'England is just an outlier': Mark Drakeford launches astonishing attack on Johnson over Covid as he vows to KEEP draconian Welsh restrictions in place because it's 'in eye of Omicron storm' - despite experts saying worst of crisis is OVER
- First Minister branded England an international 'outlier' in resisting tighter curbs
- Accused PM of running 'politically paralysed' administration that tied his hands
- Told media Wales' tough Covid restrictions on bars and mass events must stay
Mark Drakeford launched an astonishing tirade at Boris Johnson over Covid restrictions today as he vowed to ignore clear evidence that the worst of the Omicron wave has passed in order to keep tough restrictions in place in Wales.
The First Minister branded England an international 'outlier' in resisting tighter curbs and accused the PM of overseeing a 'politically paralysed' administration that had tied his hands.
It came as he used a press conference to insist that Wales' tough Covid restrictions on bars and mass events must stay in place due to an Omicron 'storm' breaking over the nation.
As the rest of the UK eases restrictions he warned of 'a difficult month ahead', despite admitting that the variant may not be as severe as previous waves.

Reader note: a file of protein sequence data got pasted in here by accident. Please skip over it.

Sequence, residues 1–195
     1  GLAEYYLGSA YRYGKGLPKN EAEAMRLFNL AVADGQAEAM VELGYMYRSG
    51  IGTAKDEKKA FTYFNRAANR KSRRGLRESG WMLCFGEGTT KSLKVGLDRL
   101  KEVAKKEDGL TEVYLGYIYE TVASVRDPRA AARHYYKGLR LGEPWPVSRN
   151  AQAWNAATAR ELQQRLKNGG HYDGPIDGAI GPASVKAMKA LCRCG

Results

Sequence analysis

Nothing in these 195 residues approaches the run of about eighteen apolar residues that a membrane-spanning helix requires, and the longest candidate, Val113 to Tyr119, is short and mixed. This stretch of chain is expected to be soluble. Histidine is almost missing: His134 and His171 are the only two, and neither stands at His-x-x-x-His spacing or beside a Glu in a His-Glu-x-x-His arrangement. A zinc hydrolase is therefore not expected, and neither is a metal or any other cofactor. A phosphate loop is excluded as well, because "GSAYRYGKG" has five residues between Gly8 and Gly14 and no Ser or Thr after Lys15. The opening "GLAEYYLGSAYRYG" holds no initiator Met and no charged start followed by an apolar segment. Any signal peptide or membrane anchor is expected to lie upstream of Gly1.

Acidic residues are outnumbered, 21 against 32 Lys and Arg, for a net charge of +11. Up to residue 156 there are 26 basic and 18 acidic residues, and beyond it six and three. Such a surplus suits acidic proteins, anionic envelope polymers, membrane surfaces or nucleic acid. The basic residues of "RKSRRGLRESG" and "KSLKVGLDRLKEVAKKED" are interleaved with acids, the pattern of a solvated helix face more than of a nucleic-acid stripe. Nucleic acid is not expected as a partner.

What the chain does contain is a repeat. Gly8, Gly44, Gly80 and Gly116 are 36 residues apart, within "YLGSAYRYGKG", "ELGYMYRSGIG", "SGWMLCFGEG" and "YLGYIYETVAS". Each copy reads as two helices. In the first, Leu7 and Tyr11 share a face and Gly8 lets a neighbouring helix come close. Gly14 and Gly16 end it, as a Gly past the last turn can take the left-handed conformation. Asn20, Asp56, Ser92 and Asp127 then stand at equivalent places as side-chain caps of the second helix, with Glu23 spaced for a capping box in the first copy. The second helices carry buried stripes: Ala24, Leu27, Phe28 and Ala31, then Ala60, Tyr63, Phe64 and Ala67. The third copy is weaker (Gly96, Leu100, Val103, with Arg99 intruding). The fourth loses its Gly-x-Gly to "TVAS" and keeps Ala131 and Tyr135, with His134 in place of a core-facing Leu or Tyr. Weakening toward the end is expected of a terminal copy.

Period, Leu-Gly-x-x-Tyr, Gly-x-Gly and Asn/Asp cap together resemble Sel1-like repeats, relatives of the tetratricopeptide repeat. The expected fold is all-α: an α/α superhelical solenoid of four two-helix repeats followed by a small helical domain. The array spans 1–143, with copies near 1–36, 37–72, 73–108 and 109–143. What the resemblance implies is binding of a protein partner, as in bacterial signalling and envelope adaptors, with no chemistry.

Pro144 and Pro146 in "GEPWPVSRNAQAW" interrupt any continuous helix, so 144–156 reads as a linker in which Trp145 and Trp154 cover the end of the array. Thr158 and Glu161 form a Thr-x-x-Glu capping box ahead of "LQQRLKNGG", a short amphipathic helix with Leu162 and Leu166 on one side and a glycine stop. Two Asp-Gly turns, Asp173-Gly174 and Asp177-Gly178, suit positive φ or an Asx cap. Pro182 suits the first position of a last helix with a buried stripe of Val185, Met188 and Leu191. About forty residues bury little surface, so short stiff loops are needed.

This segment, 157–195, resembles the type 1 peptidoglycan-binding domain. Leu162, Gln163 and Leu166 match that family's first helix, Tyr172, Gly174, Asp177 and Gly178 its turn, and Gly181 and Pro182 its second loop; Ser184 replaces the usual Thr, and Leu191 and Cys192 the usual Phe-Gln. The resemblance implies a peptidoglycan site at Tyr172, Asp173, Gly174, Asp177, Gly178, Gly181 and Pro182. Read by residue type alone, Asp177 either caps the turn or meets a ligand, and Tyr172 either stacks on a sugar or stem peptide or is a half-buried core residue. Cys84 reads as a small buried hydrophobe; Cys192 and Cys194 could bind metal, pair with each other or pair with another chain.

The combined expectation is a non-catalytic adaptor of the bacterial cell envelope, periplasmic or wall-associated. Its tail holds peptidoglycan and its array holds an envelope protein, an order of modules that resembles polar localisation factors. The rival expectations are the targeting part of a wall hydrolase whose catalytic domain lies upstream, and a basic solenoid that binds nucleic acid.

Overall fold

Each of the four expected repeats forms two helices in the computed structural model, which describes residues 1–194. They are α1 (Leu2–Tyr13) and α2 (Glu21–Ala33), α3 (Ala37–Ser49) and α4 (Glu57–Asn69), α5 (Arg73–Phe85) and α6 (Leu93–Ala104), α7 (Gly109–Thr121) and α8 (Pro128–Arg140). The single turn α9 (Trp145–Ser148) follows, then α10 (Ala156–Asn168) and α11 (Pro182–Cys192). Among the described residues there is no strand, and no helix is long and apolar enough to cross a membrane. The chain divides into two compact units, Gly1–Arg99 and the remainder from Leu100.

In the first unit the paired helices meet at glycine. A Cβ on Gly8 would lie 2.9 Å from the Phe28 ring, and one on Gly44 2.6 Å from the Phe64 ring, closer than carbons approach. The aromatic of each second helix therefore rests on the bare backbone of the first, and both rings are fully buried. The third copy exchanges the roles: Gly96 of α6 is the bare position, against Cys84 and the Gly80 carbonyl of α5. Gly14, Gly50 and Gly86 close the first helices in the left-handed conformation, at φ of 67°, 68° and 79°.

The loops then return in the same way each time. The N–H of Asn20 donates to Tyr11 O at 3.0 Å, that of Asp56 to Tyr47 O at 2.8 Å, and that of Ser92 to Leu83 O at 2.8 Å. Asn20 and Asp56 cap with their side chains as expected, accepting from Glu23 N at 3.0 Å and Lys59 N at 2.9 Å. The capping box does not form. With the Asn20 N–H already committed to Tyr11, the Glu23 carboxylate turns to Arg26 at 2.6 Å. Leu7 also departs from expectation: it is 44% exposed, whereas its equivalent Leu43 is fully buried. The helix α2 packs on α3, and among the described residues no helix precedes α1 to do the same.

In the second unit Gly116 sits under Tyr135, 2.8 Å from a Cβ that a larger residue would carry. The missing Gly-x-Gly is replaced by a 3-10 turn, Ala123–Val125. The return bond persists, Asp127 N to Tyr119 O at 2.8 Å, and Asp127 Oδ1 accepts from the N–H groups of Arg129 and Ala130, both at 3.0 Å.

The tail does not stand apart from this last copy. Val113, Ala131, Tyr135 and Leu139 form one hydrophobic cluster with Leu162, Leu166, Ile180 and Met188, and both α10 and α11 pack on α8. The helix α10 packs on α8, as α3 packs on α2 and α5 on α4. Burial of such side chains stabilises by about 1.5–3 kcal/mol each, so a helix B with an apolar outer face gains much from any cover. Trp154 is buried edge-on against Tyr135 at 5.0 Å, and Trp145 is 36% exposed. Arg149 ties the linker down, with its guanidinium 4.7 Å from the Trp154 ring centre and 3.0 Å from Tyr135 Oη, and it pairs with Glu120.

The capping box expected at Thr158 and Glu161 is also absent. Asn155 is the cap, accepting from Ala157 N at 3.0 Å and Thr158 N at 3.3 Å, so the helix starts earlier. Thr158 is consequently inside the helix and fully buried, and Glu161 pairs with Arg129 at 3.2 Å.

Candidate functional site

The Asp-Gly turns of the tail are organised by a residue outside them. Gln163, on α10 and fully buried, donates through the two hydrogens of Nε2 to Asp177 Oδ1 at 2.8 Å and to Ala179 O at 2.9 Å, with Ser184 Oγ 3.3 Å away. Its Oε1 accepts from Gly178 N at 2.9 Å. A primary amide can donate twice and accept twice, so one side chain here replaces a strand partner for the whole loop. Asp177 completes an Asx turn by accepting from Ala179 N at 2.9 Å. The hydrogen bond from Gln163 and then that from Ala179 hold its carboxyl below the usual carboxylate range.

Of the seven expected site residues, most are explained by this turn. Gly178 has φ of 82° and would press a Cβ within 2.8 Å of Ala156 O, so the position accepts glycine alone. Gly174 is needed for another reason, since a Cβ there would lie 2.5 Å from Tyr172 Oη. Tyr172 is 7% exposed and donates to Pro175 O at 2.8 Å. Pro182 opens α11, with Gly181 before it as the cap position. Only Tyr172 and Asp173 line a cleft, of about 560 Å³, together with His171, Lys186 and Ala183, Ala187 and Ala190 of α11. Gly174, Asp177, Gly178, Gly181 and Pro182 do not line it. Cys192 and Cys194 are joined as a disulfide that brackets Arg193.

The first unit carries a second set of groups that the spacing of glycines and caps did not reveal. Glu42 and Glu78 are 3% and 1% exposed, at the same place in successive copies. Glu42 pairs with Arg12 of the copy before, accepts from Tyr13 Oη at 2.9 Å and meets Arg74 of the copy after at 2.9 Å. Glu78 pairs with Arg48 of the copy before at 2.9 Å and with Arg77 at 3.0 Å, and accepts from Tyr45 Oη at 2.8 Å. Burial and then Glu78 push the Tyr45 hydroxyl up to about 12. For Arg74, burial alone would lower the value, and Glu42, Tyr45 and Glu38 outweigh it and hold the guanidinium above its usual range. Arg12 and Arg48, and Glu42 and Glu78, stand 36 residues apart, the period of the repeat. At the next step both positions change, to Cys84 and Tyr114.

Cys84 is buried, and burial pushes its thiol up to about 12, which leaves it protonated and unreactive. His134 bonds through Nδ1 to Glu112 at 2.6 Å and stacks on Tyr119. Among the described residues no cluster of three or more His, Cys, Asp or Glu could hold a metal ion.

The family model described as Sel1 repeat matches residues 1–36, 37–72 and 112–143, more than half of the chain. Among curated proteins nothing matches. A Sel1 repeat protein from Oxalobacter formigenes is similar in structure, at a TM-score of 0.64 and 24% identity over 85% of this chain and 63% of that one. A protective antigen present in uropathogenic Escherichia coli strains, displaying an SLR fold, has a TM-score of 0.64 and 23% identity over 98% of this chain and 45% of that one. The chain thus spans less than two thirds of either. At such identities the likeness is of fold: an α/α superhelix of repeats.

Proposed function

But then, in a rant at Mr Johnson, he added: 'In England, we have a Government that is politically paralysed, with a Prime Minister who is unable to secure an agreement through his Cabinet to take the actions that his advisers have been telling him ought to have been taken.
'And even if he could get his Cabinet to address them, he can't get his MPs to agree them.
'The outlier here is not Wales. Wales is taking action, as is Scotland, as is Northern Ireland, and as are countries right across Europe, and right across the globe.
'The one country that stands out as not taking action to protect its population is England.'
But his outburst came as a senior disease expert said a surge in the number of severe Omicron cases and deaths is unlikely to be seen in the current wave.
Professor Sir David Spiegelhalter, chairman of the Winton Centre for Risk and Evidence Communication, University of Cambridge, said: 'The big severing is between really severe outcomes and that there's still no sign of a serious increase in intensive care, and ventilation, and in deaths.
'We would have expected to see that by now in London and elsewhere – so that is the really reassuring thing.
'I think we can guarantee that over this wave, as we endure the next few weeks, what we're not going to see is a big surge in very severe outcomes.'
As the rest of the UK eases some restrictions Mr Drakeford warned of 'a difficult month ahead' for the NHS, despite admitting that the variant may not be as severe as previous waves.